Why Are Japanese Teapots Small? Should You Start Using One?

Why are Japanese teapots small?

If you visit Japan, you will be amazed at the wide variety of teapots available. And you will notice they are much smaller than their Western counterparts. So why are many Japanese teapots made so small, and should you consider using one?

Table Of Contents

  • Historically, tea was expensive, resulting in small teapots
  • You will use less tea (Mottainai)
  • Make a fresh cup of tea for your guests
  • A quick catch-up and chit-chat
  • Why should I buy a small Japanese teapot?
  • Tradition
  • Perfect size for everyday use
  • Cute and pleasing appearance 
  • Conclusion 
Benefits of small teapots
Japanese teapots are usually smaller than English teapots and are made from a variety of materials.

Why Are Japanese Teapots So Small?

Historically, Tea Was Expensive, Resulting In small Teapots.

Japanese teapots come in a variety of different styles. And each has slight benefits depending on the type of loose-leaf tea you use. However, they all tend to be much smaller than a Western teapot. The smaller size is likely due to the expense of high-quality tea and the influence of Chinese teapots.

Chinese religious leaders first introduced tea to Japan by visiting Buddhist monks as early as the 8th century. And by the 12th century, it became a fashionable drink among the high classes. Unfortunately, loose-leaf tea was an expensive commodity and a luxury for most. And this undoubtedly impacted teapot design in both China and Japan.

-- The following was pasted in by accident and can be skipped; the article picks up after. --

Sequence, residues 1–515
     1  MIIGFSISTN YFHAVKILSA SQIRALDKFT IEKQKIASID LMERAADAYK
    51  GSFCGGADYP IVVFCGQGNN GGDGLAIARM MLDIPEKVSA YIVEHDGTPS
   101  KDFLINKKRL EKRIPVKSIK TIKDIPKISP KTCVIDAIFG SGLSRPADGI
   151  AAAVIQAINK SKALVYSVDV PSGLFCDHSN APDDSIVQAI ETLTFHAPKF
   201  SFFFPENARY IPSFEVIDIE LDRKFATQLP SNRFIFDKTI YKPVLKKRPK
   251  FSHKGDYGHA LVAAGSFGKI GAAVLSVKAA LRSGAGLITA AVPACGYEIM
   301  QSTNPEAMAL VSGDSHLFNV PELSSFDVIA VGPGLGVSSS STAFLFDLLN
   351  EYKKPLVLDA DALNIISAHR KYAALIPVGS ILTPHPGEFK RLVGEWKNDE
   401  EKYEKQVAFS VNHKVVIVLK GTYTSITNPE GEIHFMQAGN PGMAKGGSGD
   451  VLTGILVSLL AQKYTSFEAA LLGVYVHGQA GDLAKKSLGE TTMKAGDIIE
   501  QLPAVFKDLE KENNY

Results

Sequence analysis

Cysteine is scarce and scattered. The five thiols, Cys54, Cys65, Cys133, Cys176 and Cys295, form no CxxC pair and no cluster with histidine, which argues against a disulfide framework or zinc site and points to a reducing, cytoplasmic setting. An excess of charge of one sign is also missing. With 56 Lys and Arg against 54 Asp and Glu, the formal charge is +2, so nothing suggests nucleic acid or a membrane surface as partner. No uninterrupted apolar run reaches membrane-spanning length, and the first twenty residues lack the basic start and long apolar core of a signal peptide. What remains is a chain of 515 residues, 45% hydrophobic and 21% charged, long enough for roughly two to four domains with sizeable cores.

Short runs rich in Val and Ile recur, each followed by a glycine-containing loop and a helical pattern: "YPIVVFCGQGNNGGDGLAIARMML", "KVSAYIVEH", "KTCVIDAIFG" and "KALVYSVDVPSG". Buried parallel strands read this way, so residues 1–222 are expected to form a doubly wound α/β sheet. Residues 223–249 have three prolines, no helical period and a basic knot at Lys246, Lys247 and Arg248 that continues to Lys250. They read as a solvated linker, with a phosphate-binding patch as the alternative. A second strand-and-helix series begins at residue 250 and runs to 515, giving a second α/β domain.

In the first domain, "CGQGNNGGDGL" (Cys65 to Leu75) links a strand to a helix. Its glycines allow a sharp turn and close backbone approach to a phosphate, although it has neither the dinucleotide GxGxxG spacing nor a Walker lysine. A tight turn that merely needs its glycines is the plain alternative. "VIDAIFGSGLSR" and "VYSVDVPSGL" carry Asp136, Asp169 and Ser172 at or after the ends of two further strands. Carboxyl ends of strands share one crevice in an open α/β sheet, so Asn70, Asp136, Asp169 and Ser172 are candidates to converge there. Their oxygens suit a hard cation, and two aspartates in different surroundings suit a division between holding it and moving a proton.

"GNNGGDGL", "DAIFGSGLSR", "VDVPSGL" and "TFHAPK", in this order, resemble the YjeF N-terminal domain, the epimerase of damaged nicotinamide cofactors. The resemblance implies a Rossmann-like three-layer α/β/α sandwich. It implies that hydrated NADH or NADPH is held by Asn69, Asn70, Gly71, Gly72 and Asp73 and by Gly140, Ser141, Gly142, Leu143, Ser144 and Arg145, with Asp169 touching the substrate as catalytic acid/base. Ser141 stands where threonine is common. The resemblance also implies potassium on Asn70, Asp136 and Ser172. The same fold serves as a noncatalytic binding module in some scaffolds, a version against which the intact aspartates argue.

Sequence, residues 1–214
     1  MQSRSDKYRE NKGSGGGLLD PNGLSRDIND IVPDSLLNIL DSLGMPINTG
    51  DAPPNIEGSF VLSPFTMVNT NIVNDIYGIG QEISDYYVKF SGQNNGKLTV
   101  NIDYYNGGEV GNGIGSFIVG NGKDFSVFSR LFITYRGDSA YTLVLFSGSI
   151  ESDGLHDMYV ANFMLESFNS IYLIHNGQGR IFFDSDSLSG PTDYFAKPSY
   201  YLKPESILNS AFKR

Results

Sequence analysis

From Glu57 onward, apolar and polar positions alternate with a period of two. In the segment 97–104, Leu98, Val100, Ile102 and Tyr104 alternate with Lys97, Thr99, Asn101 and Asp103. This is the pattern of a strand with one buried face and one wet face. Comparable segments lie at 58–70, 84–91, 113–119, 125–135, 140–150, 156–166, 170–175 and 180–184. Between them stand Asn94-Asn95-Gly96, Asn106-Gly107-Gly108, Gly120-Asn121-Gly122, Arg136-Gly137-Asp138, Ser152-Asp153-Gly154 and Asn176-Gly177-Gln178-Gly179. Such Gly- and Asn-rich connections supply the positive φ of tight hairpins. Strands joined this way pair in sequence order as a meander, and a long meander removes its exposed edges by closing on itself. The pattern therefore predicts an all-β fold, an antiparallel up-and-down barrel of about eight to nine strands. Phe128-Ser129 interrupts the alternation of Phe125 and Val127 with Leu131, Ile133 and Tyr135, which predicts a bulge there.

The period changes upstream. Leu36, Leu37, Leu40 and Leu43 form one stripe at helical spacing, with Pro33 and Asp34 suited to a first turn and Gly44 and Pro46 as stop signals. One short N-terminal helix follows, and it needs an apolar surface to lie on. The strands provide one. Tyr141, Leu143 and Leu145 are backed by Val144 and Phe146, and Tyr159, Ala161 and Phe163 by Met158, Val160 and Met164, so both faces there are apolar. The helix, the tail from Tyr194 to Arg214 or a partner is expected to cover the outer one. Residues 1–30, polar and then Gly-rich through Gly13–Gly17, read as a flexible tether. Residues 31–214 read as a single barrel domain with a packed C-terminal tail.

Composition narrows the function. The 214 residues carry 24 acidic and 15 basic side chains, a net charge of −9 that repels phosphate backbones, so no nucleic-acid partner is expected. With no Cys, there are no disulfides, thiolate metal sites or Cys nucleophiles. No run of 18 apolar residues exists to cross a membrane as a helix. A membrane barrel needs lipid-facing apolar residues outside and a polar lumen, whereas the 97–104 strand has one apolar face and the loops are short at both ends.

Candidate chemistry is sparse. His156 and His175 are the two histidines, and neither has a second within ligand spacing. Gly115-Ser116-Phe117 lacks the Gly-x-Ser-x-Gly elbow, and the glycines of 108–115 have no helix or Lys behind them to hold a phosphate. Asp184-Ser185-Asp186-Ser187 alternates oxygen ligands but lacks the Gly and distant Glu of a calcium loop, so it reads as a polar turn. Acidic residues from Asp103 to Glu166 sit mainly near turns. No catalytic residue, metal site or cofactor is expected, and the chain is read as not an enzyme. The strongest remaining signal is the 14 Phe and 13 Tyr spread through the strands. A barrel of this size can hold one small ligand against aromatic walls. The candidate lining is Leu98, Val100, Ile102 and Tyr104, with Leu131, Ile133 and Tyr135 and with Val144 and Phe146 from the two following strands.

Probably, the high classes wanted the best quality tea they could afford. The lower classes also drank tea to extract nutrients. So, a tiny teapot served two purposes: to steep tea while avoiding wastefulness.

With A Small Teapot, You Will Use Less Tea (Mottainai)

Japanese still maintain the use only what you need culture. Tipping tea down the sink would be considered wasteful. So many Japanese prefer to make one or two cups of tea at a time. 

Wastefulness is called Mottainai and is a practice engrained in Japanese society, even among young people today. And I suspect when selecting a teapot, the Japanese will consider the size appropriate to their needs.

Japanese Hospitality (Omotonashi)

Hospitality could also explain why the Japanese use small teapots, as it is customary to offer refreshments to visitors. Most older Japanese homes had an indoor firepit to cook and boil water. And using a small teapot, hosts could quickly serve a visitor a refreshment.

This practice continues today in homes and businesses. And even if you visit a mechanic in Japan, you will likely be offered a small cup of tea as you wait. This hospitality is known as Omotonashi. It is to go above and beyond what is necessary.

Business Etiquette And Polite Chit-Chat

Along with small teapots, Japanese teacups are much smaller than standard English teacups. Probably for the same reasons as tea was expensive.

It is customary to offer a cup of tea when visiting a home or conducting business. Of course, the purpose is not to entertain but to pass the waiting time.

Did you know there is an area famous for manufacturing ironware in Japan? You can learn about Nanbu Tekki in this article.